Being the first girl in her clan to have become a science graduate and PhD, Rajput’s journey as a young medical professional had only just begun. It was in the diagnostics laboratory of a Bangalore-based hospital that Rajput made her professional debut. Looking back, Rajput elaborates, “although I had a supportive husband who encouraged me to finish my PhD, it was difficult for me to balance a married life and doing a PhD.” I had to work very hard to maintain the balance. After I finished my PhD, I couldn’t work for six years. I had to give time to my family and my daughter. I almost gave up on my professional ventures when my husband encouraged me to pick up a job after my daughter began going to school. “
As luck would have it, the mother of a six-year-old resumed her professional career right at that point of time when clinical research was gaining eminence in India. Rajput was a new recruit at one of Bangalore’s hospital diagnosis laboratories, during which her innate authenticity and hard work enabled a rapid ascent for her, right up to heading Mallya hospital’s Department of Biochemistry.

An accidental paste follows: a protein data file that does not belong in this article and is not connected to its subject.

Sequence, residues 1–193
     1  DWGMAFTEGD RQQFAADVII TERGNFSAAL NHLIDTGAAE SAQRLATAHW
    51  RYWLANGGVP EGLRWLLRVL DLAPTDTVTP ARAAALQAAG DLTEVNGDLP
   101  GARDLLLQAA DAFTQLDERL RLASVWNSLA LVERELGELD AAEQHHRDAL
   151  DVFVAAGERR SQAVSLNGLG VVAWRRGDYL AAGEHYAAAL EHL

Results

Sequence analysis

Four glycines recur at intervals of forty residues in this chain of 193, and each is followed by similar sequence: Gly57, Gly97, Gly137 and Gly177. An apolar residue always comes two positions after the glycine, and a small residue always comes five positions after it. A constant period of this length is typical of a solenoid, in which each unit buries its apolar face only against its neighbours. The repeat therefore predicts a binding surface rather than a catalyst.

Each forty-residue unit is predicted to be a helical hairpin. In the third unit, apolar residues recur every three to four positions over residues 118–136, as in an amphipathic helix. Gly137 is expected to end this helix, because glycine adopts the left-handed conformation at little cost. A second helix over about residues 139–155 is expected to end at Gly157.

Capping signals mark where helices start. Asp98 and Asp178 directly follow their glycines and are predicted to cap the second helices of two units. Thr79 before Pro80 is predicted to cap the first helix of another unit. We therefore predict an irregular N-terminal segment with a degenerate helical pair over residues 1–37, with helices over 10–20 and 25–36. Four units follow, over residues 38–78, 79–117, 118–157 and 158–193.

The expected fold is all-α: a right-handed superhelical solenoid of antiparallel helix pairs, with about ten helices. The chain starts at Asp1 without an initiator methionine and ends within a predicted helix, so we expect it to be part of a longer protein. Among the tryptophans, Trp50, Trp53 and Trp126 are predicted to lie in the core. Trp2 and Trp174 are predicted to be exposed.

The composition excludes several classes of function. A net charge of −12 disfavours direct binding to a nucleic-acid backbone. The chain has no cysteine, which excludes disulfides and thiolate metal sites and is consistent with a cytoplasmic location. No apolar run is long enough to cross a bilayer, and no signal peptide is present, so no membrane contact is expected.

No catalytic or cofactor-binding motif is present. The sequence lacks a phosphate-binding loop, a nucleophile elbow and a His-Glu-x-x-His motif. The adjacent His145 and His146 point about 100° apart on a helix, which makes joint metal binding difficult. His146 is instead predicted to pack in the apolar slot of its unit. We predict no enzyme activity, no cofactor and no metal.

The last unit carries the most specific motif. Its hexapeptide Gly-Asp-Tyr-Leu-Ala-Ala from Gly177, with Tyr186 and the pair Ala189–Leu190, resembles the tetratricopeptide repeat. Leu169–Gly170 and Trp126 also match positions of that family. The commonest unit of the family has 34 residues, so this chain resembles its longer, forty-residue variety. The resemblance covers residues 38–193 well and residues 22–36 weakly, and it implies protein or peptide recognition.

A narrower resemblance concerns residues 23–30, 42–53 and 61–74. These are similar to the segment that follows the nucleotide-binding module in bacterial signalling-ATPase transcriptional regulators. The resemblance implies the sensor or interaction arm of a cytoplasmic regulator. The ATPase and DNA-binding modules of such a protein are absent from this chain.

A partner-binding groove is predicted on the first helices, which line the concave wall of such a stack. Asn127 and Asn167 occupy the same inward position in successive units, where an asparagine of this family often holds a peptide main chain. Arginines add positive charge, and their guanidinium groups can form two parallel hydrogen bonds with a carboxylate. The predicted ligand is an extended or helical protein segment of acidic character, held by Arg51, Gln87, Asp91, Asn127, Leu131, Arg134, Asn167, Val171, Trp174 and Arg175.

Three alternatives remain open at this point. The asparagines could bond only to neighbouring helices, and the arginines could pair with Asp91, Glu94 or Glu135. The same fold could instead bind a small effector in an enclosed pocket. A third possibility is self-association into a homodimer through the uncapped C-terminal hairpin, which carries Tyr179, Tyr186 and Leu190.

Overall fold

After her dazzling performance at Mallya Hospital, Rajput proceeded to serve as the director and general manager of a laboratory called Clinigene, where she was responsible for establishing and developing the country’s first laboratory to be accredited by the College of American Pathologists, a gold-standard certification in the field.
Speaking of pathological laboratories, Rajput provides an interesting account of the importance of authentic laboratory diagnosis and the loopholes that haunt it in present-day India: “The quality of (laboratory-diagnosis) reports play a vital role in the treatment of any patient.” The treating physicians are guided by these laboratory reports, and they make treatment decisions based on these reports; and many times, a wrong report can lead to a wrong treatment. In our country, one needs a licence to even open a pharmacy store. But no such licences or permissions are required when it comes to starting a laboratory. Hence, the quality suffers. “